This morning, I was shaken awake when I lazily lifted my phone from its position on the floor to check the time. Uncharacteristically, my notification wall was full of different friends reaching out to check on me.
Are you alright?
Were you in Itaewon last night?
Did you hear about Itaewon?
And one missed call from a friend 30 minutes prior.
What the fuck was happening? I called my friend back, and she confirmed that the crowds in Itaewon for the Halloween party had created a stampede that killed over 100 people and injured at least 50. I scrolled through the news and messages of other friends, confirming the same story. I reached out to as many friends as possible, especially those who lived in Itaewon, and thankfully, no one I knew was injured or passed away. But the event shook a lot of people and left most of those present traumatized.
Itaewon is a well-known district in Seoul. It’s sometimes called the ‘foreigner district’ because the community in that area is largely populated by foreigners. International festivals are held there, and it’s famous for its variety of foods from all over the world. Therefore, many travelers and Koreans can go there and enjoy international cuisine from its restaurants, cafes, and niche international markets not usually found in general chain Korean grocery stores.
During the Korean War, a lot of US and other allied soldiers were based in Itaewon (the area itself is known as Yongsan). It still remains a very foreigner-friendly area due to its roots. In fact, the US military base was established there for a while. There’s also a variety of bars and clubs too, so young people both foreign and Korean enjoy going to Itaewon on the weekends to drink and socialize.
Halloween in Itaewon
Itaewon is not only known for its great food and bars but it’s also known as a very popular place for people to gather for Halloween. Hongdae is another popular area among it, but Itaewon is a very specific location that many like to go to celebrate. People dress up, go to clubs and bars, and generally outside is extremely crowded. Every year the streets are packed. During the height of COVID-19, Halloween wasn’t really a thing in Itaewon due to the high infection possibility. There were even xenophobic remarks made about Itaewon spreading COVID-19 faster.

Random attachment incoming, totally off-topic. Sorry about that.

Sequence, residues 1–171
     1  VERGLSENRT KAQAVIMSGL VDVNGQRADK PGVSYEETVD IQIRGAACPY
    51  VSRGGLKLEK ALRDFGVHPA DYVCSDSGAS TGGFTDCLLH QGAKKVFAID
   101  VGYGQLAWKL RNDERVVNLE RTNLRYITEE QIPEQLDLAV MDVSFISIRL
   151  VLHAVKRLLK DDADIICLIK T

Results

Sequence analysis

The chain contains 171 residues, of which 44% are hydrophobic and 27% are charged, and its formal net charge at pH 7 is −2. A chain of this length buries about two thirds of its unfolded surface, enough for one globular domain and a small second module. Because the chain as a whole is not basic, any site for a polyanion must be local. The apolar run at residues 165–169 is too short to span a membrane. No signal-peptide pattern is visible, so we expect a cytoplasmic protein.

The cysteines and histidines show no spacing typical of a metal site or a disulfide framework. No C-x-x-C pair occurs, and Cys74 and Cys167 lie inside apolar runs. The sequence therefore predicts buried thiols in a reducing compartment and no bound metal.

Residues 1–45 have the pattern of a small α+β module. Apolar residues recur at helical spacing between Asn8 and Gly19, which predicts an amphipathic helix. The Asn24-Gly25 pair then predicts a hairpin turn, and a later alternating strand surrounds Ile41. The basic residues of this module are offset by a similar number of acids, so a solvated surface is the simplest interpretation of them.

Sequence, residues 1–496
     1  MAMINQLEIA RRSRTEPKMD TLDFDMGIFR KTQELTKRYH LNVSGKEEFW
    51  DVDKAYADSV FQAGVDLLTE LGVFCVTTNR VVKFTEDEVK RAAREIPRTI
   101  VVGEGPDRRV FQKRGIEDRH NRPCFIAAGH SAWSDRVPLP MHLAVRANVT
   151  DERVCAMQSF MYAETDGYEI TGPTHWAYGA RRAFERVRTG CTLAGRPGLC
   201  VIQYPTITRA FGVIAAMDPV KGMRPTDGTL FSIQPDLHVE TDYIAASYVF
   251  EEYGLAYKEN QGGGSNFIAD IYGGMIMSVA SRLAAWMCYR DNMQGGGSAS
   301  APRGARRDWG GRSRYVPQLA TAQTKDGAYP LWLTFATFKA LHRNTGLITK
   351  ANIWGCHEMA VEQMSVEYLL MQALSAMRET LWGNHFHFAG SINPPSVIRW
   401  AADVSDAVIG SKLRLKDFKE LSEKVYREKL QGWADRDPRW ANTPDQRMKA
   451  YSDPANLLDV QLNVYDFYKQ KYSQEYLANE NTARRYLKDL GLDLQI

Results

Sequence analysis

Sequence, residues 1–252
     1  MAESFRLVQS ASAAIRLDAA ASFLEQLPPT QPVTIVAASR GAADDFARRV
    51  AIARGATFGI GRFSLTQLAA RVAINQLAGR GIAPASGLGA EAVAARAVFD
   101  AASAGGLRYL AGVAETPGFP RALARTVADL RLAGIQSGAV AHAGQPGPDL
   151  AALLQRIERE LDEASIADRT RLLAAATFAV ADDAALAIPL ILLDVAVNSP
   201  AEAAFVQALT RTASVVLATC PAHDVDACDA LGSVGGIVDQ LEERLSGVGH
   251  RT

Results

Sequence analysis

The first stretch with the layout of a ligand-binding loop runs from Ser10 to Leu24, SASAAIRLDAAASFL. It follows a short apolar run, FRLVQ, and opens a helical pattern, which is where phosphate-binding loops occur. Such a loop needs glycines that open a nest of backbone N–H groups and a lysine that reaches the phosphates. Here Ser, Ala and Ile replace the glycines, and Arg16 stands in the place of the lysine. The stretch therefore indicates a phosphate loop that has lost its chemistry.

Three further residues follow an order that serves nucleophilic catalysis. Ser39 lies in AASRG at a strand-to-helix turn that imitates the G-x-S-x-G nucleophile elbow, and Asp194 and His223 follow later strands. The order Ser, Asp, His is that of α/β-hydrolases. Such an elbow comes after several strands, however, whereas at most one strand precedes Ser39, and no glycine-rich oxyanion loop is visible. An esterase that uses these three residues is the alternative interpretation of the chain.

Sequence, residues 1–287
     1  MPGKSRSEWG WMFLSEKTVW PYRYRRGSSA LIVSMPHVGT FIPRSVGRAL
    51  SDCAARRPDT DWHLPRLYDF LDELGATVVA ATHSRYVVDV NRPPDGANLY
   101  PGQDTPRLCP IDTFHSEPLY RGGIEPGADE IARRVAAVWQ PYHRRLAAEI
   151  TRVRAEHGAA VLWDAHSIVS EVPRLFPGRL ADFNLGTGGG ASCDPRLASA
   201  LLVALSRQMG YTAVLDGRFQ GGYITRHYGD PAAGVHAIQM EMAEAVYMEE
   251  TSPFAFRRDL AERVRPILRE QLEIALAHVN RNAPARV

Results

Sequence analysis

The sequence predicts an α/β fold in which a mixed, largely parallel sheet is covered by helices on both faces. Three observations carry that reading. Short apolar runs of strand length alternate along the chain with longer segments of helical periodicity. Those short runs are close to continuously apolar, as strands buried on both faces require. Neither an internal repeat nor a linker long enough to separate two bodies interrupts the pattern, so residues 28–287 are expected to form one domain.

Regardless, I’d been to Itaewon plenty of times with my friends both during the day and at night. Ironically, I chose not to go for Halloween this year because I had a feeling due to the lowered gathering restrictions that it would be absolute chaos. I live about 30 or so minutes by subway, but the subway doesn’t run all night. So, if you want to enjoy the nightlife, you either have to end your time early, take a taxi, or crash at some nearby Airbnb or hotel. I had a bad feeling that finding a taxi was going to be especially hell that night, and I didn’t want to deal with the possible crowds of people who’d likely get sick on the sidewalks and make the whole experience chaotic.
A lot of people had some hesitations about going, and they weren’t unfounded. The crowds were uncontrollable, and there weren’t enough preventative crowd control police there, resulting in people being trampled upon and crushed. About 100,000 people were there that night, and without any kind of realistic control, people were trampled over and suffered cardiac arrest from the massive crowd. A lot of medical personnel had a hard time coming through to perform CPR on a number of victims, and Seoul City even set up a missing persons hotline because so many people were trapped due to lack of transportation. All of the people who had passed were in their teens and 20s, and people are still trying to contact their loved ones to check if they were the ones who were injured or killed during the incident.
Preventative Measures & Aftermath
Hopefully, some kind of vigil for the victims will be held, and people are already setting aside flowers in the area where the tragedy occurred. The president also announced there would be some kind of memorial. A lot of disturbing footage is being shared on social media, and my heart goes out to the locals in the community and those who were injured and the young lives lost. It’s absolutely heartbreaking, and it makes me even more concerned about why our world tends to be so reactionary with these things rather than preventative. Although there will always be accidents and things that are unpredictable, everyone in Seoul is aware of the yearly Halloween celebration in Itaewon.
Every year it’s crowded to the highest extent.
Every year it has massive traction, and this year so many people suspected it would be worse than in previous years. So, why weren’t more personnel present to begin with? Why weren’t there more on-call when everyone knew this year would be even crazier? Why is it that so many safety measures are only considered after something tragic happens? It’s incredibly frustrating.
Regardless, I’m grateful for the medical personnel, for the bystandards who stepped in to help with CPR, and how everyone who has been checking in on their loved ones after seeing the news and sharing resources. I hope that more chances to help the community heal come about and a fund is set up to help the families of those who lost their loved ones that night. I’m incredibly lucky that I was not there that night and even luckier that no one I knew was there that night and was harmed.
No matter where we live in the world, and no matter where we come from, it’s essential that we take care of ourselves and each other as a community. This tragedy could’ve been prevented with more police present. Please take care of yourselves and stay safe. Below is further reading on the event, and exercise caution when searching about the event on social media, as a lot of imagery and videos are very triggering and disturbing.
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